Climate Change and Hydrology

Oriana Chegwidden

Overview

This climate change and hydrology exploration was originally created by Oriana Chegwidden, a recent PhD graduate of UW Civil and Environmental Engineering.  Oriana initially created the lesson for the 2017 Mount Baker season of Girls on Ice, a branch of Inspiring Girls.org.  Oriana discusses the effectiveness of teaching this lesson in outdoor and indoor settings in her blog post: https://pcc.uw.edu/blog/2020/08/30/its-better-outside-water-and-climate-science-education/.

Target Audience:  Middle School Students

Background Vocabulary

Hydrology, precipitation, evapotranspiration, streamflow, infiltration, groundwater, sunlight/radiation/energy, distinction b/w snowpack/glacier, ablation, water year

Materials

  • Paper
  • Pencils/Markers

Procedure

PART 1:  Thinking about hydrologic processes (20 minutes total – 5 minutes explanation, 10 minutes small group, 5 minutes back together for group discussion)

Groups of three draw the different sources and sinks of water and energy in the landscape around them. They draw arrows and make it as pretty as they want. If the landscape is varied, get one group to do bare ground, one group to do snow-covered and one group to do glacier. Key ideas to try to get them to think about: vegetation, groundwater, different forms of precipitation, evaporation, runoff, soil moisture

PART 2:  Linking processes to time (10 minutes total –  2 minutes explanation, 5 minutes small
group, 3 minutes discussion)

Give each group a piece of paper with four columns representing the seasons of the year. Groups take the pictures they drew in part 1 and fill in the columns with which processes are happening during each season of the year. (i.e. They’d put snowmelt in the spring/summer column and snowfall in the winter column).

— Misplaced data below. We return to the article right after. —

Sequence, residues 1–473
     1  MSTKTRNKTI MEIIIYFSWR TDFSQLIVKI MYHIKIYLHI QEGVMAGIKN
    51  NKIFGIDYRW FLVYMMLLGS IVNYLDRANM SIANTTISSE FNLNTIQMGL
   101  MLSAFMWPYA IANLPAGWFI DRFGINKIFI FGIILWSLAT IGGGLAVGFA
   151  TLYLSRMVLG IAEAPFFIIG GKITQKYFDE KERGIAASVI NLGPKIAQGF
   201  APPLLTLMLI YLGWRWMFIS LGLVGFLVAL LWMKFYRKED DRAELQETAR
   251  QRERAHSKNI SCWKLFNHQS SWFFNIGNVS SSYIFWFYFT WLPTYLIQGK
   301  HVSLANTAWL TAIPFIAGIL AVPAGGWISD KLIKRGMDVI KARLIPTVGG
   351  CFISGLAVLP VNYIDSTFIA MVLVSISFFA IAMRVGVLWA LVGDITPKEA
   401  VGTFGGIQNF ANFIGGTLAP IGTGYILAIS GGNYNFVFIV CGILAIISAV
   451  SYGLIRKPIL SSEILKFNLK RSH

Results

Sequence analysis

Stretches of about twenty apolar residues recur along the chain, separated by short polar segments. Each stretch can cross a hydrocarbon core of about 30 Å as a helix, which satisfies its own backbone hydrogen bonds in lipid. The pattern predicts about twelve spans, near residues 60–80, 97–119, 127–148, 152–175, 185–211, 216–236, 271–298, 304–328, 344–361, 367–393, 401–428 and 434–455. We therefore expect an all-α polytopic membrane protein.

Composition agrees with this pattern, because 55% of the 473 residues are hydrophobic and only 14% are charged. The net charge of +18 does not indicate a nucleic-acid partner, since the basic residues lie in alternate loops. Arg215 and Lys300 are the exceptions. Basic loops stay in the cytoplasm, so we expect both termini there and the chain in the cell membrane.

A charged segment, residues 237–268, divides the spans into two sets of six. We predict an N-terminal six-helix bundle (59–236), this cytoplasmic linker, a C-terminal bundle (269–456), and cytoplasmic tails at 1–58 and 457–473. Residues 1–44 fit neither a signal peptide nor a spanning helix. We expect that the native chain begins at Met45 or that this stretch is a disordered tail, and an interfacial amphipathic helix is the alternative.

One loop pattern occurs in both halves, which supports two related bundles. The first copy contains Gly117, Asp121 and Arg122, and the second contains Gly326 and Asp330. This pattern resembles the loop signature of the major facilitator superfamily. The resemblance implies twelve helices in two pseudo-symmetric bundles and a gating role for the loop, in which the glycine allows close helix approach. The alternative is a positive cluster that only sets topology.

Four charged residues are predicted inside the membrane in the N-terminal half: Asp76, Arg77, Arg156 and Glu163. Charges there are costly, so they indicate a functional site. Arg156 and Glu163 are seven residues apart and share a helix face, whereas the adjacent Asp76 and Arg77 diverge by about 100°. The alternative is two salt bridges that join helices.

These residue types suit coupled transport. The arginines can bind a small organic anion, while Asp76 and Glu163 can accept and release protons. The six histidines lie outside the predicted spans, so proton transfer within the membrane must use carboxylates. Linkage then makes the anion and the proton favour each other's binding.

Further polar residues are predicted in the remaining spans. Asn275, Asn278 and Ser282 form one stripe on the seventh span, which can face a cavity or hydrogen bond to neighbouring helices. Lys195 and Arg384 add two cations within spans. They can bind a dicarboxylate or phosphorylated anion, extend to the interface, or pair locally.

PART 3: Making a streamflow hydrograph (10 minutes total – 2 minutes explanation, 5 minutes
small group, 3 minutes discussion)

For each season of the year choose whether they think there will be low, medium, or high streamflow in the stream coming off of the landscape. Then connect those dots and have a seasonal hydrograph. Then hand them each the actual hydrograph for a nearby stream and they can see how they figured it out!

PART 4: Predicting the future (10 minutes total – 2 minutes explanation, 5 minutes small group,
3 minutes discussion)

Given that we know it will get warmer going through the 21st century, how will those processes change? Have them take the plots they drew in Part 2 and decide how streamflow will change under a warmer climate (key points: get them to think about snow falling as rain instead, snow melting earlier and maybe changes to groundwater). Have them guess what the future streamflow could be.

 

Example drawing and streamflow graphs: 

 

Attribution:  Chegwidden, Oriana “Climate Change and Hydrology” Climate Science for the Classroom edited by Bertram and Biyani, 2020. https://uw.pressbooks.pub/climate/chapter/climate-change-and-hydrology/ Date of Access.

 

License

Icon for the Creative Commons Attribution-NonCommercial-ShareAlike 4.0 International License

Climate Change and Hydrology by Oriana Chegwidden is licensed under a Creative Commons Attribution-NonCommercial-ShareAlike 4.0 International License, except where otherwise noted.

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